Vocal, sari-clad women cram into the downstairs room of the Oasis India centre in Dyaneshwar Nagar, one of Mumbai’s many slum areas. As the afternoon heats up, even ladies more come and find themselves a space on the floor.
They are all federation leaders. Consisting solely of women, the federation is made up of 35 self help groups. Each member must pay in 100 rupees every month to the group account and after six months, she is allowed to apply for a loan at a low rate of interest. The other group members need to approve her request.
Pooja has been a member of a self help group for two and a half years. ‘I feel good when I am saving money,’ she says. ‘Big people keep money in the bank, so now we also feel like we have something. I feel very good because I can take some responsibility.’
Intimidated by banks, many in slum communities borrow from money lenders. They cannot pay back the extortionate interest charged by the lenders, and get themselves caught in a debt trap.
Pooja has already taken out three loans: for health care when she was pregnant; to get a water connection in her home and to pay off the debt she owed a money lender. She runs a small tea stall, and uses some of her profit to pay into the group account.
Oasis India works in slum communities in Mumbai, Bangalore and Chennai empowering women with small savings and big dreams. Through these savings schemes and micro finances initiatives, the women are able to pay for their children's education, repay previous loans and start up small businesses.
While in the 6th standard, Dinesh was punished by his teacher. He dropped out of school and started hanging around on the streets. He soon got involved in petty crime. A couple of years later, he was introduced to Oasis’ football training, and there he was also encouraged to study. His English improved and he has now finished school. He also plays for the Bangalore Yellows team under the C division and is very regular for practice.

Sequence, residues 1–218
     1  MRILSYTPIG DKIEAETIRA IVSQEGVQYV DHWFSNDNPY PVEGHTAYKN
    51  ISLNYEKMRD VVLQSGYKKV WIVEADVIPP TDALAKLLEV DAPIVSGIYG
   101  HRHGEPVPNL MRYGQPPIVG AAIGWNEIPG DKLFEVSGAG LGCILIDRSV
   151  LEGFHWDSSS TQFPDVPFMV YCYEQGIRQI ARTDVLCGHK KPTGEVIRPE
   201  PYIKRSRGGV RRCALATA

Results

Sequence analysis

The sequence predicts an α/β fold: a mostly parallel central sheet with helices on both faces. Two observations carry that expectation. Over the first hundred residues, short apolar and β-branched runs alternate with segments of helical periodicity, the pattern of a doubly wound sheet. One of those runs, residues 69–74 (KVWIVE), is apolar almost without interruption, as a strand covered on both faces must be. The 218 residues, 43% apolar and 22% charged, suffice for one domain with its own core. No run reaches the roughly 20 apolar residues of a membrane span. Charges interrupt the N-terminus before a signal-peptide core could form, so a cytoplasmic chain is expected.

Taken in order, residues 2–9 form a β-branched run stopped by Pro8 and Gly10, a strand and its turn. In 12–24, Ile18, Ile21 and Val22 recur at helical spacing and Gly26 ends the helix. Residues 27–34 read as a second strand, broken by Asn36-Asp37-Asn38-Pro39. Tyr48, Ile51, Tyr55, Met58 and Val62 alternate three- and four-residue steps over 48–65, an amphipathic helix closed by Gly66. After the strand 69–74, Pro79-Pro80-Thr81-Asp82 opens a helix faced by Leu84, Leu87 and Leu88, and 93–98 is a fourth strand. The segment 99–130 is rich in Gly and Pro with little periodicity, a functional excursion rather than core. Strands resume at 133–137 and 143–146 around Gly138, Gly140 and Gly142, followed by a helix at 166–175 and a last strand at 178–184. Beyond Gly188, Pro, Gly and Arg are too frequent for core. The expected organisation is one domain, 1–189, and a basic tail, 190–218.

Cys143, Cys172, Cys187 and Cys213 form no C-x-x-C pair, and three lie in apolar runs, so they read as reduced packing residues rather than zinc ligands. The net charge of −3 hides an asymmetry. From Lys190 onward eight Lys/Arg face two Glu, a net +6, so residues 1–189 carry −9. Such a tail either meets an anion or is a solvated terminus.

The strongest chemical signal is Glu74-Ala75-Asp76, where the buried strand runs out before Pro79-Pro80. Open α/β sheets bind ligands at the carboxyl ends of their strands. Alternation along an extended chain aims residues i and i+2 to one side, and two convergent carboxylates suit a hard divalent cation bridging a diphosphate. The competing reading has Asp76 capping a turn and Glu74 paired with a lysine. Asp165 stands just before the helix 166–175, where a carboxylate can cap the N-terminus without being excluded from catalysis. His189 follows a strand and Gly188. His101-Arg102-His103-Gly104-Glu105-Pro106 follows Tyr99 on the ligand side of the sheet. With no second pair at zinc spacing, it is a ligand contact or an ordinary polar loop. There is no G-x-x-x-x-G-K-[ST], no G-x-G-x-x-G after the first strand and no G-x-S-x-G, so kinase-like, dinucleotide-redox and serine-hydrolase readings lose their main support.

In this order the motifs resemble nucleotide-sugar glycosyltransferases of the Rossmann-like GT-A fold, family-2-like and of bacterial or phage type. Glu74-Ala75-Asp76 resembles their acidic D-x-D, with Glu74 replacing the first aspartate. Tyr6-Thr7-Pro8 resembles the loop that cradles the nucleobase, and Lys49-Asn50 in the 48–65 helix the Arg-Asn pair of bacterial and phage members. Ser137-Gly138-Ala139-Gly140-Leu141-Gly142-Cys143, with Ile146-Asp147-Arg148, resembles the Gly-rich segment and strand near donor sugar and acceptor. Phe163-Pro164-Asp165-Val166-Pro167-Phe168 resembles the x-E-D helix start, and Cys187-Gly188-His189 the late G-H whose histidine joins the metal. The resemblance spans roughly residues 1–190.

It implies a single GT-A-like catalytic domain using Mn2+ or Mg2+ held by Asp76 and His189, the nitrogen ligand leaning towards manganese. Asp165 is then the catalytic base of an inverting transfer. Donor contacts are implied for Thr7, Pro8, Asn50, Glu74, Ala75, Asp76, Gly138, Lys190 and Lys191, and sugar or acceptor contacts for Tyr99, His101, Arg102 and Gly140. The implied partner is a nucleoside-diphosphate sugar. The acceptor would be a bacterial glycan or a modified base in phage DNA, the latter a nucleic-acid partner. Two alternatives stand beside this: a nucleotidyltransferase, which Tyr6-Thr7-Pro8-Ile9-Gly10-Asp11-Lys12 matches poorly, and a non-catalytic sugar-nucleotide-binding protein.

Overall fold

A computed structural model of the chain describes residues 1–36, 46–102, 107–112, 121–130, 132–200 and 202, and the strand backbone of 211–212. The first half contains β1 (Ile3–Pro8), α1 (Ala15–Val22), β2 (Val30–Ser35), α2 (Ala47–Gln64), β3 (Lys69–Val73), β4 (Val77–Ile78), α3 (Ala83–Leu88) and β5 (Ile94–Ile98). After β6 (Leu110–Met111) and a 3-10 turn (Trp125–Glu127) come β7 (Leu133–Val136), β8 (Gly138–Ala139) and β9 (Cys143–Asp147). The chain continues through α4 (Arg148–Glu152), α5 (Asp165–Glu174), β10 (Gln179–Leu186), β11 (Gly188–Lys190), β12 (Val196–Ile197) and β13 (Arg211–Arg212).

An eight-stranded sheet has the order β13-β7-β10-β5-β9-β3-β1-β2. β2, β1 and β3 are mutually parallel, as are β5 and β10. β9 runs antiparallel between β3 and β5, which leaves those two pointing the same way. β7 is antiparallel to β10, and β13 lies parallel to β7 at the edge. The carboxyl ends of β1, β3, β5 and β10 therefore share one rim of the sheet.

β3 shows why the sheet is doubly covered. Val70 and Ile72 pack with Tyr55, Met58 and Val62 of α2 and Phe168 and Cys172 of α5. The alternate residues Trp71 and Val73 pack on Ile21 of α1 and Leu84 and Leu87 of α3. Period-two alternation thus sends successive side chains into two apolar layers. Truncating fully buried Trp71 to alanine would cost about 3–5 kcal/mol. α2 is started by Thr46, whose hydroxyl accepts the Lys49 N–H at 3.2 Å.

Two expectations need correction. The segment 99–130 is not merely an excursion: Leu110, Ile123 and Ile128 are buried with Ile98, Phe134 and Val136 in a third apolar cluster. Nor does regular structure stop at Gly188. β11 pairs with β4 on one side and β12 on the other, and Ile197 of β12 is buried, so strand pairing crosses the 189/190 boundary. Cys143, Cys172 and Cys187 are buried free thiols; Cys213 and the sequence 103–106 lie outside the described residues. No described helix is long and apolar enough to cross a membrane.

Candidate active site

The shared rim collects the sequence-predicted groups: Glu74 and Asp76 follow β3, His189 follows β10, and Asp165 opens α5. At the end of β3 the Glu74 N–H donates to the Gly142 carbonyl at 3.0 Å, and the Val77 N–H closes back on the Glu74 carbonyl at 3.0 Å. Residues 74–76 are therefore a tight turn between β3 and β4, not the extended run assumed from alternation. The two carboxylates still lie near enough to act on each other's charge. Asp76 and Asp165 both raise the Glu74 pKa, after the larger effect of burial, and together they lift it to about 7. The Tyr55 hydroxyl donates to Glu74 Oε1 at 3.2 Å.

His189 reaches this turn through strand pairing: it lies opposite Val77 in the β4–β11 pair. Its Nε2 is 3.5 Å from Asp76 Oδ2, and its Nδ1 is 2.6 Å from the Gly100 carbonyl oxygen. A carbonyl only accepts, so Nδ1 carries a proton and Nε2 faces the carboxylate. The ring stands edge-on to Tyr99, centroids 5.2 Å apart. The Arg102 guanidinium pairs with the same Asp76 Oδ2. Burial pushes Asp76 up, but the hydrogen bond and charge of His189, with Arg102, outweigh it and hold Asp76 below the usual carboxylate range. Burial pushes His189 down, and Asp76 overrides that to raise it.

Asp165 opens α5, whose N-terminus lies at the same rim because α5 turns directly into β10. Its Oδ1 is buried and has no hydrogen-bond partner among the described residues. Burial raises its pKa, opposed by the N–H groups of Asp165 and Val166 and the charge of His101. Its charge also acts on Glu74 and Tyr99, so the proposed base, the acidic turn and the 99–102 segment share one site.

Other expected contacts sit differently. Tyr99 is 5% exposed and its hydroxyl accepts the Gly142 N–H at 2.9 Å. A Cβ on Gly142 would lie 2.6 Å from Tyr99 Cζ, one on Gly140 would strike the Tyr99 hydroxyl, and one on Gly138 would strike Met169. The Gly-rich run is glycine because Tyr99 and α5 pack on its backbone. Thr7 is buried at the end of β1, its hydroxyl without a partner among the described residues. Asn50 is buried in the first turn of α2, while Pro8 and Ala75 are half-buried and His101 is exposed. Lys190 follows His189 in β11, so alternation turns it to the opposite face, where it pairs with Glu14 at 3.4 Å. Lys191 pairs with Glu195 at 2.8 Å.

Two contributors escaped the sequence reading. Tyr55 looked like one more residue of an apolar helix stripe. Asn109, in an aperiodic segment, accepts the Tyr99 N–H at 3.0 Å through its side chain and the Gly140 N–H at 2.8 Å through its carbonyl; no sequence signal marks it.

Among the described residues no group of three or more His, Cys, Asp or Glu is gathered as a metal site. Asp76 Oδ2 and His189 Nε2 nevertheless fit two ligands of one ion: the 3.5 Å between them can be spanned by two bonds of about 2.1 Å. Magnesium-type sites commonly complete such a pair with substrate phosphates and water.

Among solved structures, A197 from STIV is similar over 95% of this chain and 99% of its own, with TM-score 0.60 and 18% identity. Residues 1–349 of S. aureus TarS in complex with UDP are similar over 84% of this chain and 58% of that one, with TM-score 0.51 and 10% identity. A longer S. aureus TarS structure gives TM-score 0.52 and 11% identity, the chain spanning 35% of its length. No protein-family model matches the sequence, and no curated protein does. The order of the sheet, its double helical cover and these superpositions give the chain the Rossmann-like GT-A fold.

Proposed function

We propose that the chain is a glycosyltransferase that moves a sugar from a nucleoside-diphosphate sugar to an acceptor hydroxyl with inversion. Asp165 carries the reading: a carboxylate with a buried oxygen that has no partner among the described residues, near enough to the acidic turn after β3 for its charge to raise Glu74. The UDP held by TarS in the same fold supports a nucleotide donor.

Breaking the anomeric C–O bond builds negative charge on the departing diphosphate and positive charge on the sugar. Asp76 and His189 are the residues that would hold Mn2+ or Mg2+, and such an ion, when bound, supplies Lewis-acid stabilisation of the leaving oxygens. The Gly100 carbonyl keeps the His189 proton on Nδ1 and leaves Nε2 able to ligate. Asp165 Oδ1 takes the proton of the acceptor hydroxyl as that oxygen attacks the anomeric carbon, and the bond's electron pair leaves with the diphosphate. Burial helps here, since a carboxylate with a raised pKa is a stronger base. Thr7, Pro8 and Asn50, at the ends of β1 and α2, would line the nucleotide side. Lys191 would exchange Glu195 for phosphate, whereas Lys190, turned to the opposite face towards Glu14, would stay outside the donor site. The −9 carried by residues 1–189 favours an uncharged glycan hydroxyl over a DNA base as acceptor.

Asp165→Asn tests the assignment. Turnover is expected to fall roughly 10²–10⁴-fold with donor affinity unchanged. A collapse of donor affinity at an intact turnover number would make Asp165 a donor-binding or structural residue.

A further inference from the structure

Sunny is 14 and this is the first time he’s had football coaching. After his parents died, he and his brothers and sister went to live with their aunt. He makes caps from 9.30am until 7pm, Monday to Saturday.
Despite his long working hours, Sunny is enthusiastic about the football camp organised by Oasis India in Chennai. ‘Every day I am getting better. I want to spend every Sunday playing football with my friends,’ he says. And he wants to study more. ‘If I had studied I could have a big dream but I didn’t have the chance. I want to somehow get a basic education and become a policeman.’
Oasis India also works with children and youth in slum communities, encouraging them to stay in school and motivating them to live productive lives. Education programmes, livelihoods training options, counselling as well as assistance in securing employment help young people build positive futures for themselves and their families.
All the work is accomplished using a facilitative approach. This involves helping the community to build Community Based Organisations (CBOs) to take responsibility for their own development. Oasis India helps the communities bring in partnerships which contribute to enhance resources and skills. A rights-based approach is also being worked out to provide training to young people in the communities.